Yesterday and today, Florida State's campus offers welcoming assurance
By Charlie Barnes, Executive Director - Seminole Boosters
There are times when the spirit yearns to be renewed, the Human spark to be refreshed. For many Seminoles and for many Americans, this is such a time.
Our University and the cool green hills of Tallahassee has always been a place to nourish renewal of the spirit. On campus, yes, new buildings confuse the old familiar trails, but much of the core remains as it was for us, and for those who were here before us. Look at old photographs of Florida State University and Florida State College for Women students in an earlier day. The trees are still there; the same landscapes can be seen with brick and stone facades rising up in the distance, and we know those places. They were here before us. They welcomed and embraced us in our youth, and they will be here after us to warm the lives of men and women not yet born.
You may have walked down Landis Green to the Library at twilight. You may remember the buttery yellow light from the street lamps near the old Sweet Shoppe, or the sweet scent of cut grass on game day. The Marching Chiefs used to practice on their field near the stadium on Saturday mornings, and the thump of the drums and the brass could be heard across the campus.
You might recall a time when students gathered outside the locker room on Saturday to greet our football players as they came out after the game. Burt Reynolds was "Buddy" then, and just a regular guy. In the 1960s, T.K. Wetherell lived in Smith Hall and walked, perhaps as you did on bright days, to classrooms among the buildings that still stand in a broad apron down the gentle slopes from Wescott. I wonder how often in the past year he's stared out the window of his office in Wescott at Florida's Capitol looming on the next hill, and thought how comforting of the spirit it might be to just once stroll anonymously back along the old paths.
On a beautiful spring day in 1994, Jerry Kutz wrote of the joy he felt as he stood atop the grandstand at Dick Howser Stadium watching the #1 ranked Seminole baseball team trounce an ACC opponent, and turning his head to watch, at the same time, spring football drills being undertaken by the defending 1993 National Champions. As a fragrant breeze rose, he could see across Pensacola Street the magnificent, newly bricked grand towers of University Center glowing gold in the afternoon sun.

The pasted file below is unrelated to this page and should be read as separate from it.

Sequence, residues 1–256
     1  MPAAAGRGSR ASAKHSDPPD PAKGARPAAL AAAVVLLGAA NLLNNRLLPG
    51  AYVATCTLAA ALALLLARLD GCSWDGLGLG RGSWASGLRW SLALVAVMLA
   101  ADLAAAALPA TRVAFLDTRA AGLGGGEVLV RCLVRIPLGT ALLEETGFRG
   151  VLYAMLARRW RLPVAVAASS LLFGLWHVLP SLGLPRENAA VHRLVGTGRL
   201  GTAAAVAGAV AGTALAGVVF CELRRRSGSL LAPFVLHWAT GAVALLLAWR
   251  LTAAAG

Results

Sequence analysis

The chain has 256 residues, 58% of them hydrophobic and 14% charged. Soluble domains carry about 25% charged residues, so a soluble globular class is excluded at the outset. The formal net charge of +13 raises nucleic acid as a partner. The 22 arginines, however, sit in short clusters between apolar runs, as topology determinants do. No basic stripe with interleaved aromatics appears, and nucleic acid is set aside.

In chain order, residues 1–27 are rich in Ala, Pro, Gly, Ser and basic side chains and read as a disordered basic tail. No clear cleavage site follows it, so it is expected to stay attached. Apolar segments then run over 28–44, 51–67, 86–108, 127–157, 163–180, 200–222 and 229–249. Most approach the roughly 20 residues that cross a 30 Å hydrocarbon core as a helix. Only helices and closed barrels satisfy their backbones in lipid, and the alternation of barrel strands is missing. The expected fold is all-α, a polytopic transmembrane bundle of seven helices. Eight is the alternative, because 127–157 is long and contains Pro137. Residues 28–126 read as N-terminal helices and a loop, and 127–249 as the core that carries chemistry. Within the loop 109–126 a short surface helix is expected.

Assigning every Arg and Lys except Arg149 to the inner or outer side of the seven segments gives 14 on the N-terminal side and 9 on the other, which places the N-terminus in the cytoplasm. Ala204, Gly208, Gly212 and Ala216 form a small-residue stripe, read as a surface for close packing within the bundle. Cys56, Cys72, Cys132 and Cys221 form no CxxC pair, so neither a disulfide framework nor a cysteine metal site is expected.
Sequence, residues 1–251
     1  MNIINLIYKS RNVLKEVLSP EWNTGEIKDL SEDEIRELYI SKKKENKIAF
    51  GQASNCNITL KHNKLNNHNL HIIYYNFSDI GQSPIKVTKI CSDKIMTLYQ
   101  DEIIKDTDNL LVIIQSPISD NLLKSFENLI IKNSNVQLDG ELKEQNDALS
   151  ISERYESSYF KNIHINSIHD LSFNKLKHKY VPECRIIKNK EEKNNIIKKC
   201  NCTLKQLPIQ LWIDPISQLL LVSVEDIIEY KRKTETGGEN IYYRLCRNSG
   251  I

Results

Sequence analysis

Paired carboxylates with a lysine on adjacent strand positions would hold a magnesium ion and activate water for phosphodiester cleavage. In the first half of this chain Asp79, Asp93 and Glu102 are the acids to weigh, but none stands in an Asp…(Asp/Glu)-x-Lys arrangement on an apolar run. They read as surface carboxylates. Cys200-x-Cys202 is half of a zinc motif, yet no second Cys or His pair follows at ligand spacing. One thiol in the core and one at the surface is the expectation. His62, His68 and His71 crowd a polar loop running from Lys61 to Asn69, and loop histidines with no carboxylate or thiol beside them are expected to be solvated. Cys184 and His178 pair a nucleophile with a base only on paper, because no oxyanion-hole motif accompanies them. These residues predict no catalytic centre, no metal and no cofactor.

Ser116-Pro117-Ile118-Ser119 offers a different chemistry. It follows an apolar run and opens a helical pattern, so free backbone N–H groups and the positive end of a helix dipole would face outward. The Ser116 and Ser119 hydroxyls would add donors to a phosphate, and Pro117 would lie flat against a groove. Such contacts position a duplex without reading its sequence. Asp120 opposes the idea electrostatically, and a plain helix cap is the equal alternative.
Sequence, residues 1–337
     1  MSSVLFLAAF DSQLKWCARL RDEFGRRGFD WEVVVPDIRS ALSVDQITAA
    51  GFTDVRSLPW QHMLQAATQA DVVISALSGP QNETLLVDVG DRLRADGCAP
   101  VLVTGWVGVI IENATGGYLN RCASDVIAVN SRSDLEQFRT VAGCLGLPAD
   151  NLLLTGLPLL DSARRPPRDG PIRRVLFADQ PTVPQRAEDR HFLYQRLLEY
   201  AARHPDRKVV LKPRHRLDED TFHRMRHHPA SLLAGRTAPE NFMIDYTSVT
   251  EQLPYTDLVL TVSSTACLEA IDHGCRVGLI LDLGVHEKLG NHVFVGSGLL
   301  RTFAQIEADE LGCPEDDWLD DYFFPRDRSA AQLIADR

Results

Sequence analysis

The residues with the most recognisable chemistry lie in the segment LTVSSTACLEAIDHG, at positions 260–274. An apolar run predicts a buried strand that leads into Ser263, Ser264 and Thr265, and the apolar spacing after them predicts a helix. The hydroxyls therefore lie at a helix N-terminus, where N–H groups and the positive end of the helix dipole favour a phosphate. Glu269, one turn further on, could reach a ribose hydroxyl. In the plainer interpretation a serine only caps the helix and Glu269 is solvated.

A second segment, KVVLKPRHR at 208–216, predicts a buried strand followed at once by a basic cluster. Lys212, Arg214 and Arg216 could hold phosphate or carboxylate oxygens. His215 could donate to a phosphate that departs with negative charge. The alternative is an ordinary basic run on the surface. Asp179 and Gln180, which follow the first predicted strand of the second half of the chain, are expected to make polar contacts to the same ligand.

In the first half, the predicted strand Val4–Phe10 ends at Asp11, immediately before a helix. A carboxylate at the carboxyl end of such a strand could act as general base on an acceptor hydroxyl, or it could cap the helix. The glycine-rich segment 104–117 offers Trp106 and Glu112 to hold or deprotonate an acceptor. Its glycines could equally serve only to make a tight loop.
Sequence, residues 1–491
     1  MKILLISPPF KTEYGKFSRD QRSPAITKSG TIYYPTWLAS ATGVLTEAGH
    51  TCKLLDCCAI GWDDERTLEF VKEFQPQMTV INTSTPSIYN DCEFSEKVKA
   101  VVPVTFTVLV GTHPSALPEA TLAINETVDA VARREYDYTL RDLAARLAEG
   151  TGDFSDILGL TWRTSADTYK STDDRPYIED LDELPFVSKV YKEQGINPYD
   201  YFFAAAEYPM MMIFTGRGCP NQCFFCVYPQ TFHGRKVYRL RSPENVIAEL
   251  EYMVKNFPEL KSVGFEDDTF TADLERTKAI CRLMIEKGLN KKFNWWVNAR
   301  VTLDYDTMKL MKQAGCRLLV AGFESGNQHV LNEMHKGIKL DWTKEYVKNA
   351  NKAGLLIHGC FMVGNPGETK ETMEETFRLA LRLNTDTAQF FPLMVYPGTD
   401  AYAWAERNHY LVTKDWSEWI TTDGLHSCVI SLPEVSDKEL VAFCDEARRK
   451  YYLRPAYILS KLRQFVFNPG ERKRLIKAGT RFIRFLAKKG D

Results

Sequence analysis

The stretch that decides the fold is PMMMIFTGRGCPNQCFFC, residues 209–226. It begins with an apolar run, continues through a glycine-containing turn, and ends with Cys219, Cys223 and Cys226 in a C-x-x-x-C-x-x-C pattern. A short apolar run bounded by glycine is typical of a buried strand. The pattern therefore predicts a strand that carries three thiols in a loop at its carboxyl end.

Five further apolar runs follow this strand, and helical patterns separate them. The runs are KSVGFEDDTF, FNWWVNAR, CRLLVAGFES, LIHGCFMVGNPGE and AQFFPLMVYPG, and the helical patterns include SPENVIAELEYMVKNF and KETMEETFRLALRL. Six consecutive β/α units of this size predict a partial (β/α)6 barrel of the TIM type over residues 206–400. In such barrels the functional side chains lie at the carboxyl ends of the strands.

Where Wescott stands is the oldest continuous site of higher education in the state of Florida. Our architecture reassures us with timeless grandeur; its cool niches offer a calming languor letting us pause to breathe. We take time to remember all that this place has meant to us across our lives.
Our University leadership is in transition. Our alumnus-President - his football letter and Ph.D. parchment both garnished with the same garnet & gold colors - is stepping down. Our beloved football Coach, who will forever be identified with us as we will with him, is turning the pages of the final chapter. Our Hall of Fame baseball Coach came here in 1964 as a Seminole player and has been Head Coach for 30 years.
There is a lot of harsh noise about Florida State right now in the newspapers and on the Internet. Much of it is caustic and destructive but it will be endured. We've been through trying times before and emerged triumphant, and so we will again. Don't pay much attention to the noise. It will pass, and it will pass so soon that you may find you can't remember all the details a year from today.
In the National Championship game in the Sugar Bowl in 2000, I sat with a large group of friends, and we were very excited and animated as the game progressed early on. Our Seminoles jumped to a big lead over the hapless Virginia Tech Hokies.
The mood changed sharply as Virginia Tech fought back. If you recall, the third quarter was awful, shocking. Virginia Tech went ahead as the fourth quarter began, and our once-merry band of fans was raging against everything that seemed to be at fault with our Seminoles. Threats were made, and dark promises.
But one fellow kept smiling. He's a communications entrepreneur from Louisville, Ky., named Sherman Henderson. Sherm told everyone to be calm. "It's going to be all right," he said. "Trust me; we'll win."
Loud voices demanded to know, "Why?" Why did he think we were going to win?
Sherm just kept smiling, and said, "We'll win because we're too good to play that bad for this long."
And of course Sherm was right. What he said was right about the Sugar Bowl game nine years ago, and it's just as right today about our University. We are too good, too strong, and there are too many alumni who love the school for the current unpleasantness to have any lasting effect.
These are stressful days for many Americans. You may be one who counts yourself among that number. Know that here is always a place to welcome you. Return here, to the time machine that offers respite from the day's concerns. Enjoy once again the fellowship with your friends of college days. Refresh your spirits with the game and the colors and the noise and the grandeur and all the joy.
Come to the football games this fall. Close your eyes. Feel the sun and breathe in the sweet air. Life doesn't provide us so many days that we can afford to discard our memories of the best ones.
Life is good at your university. Come home again this fall.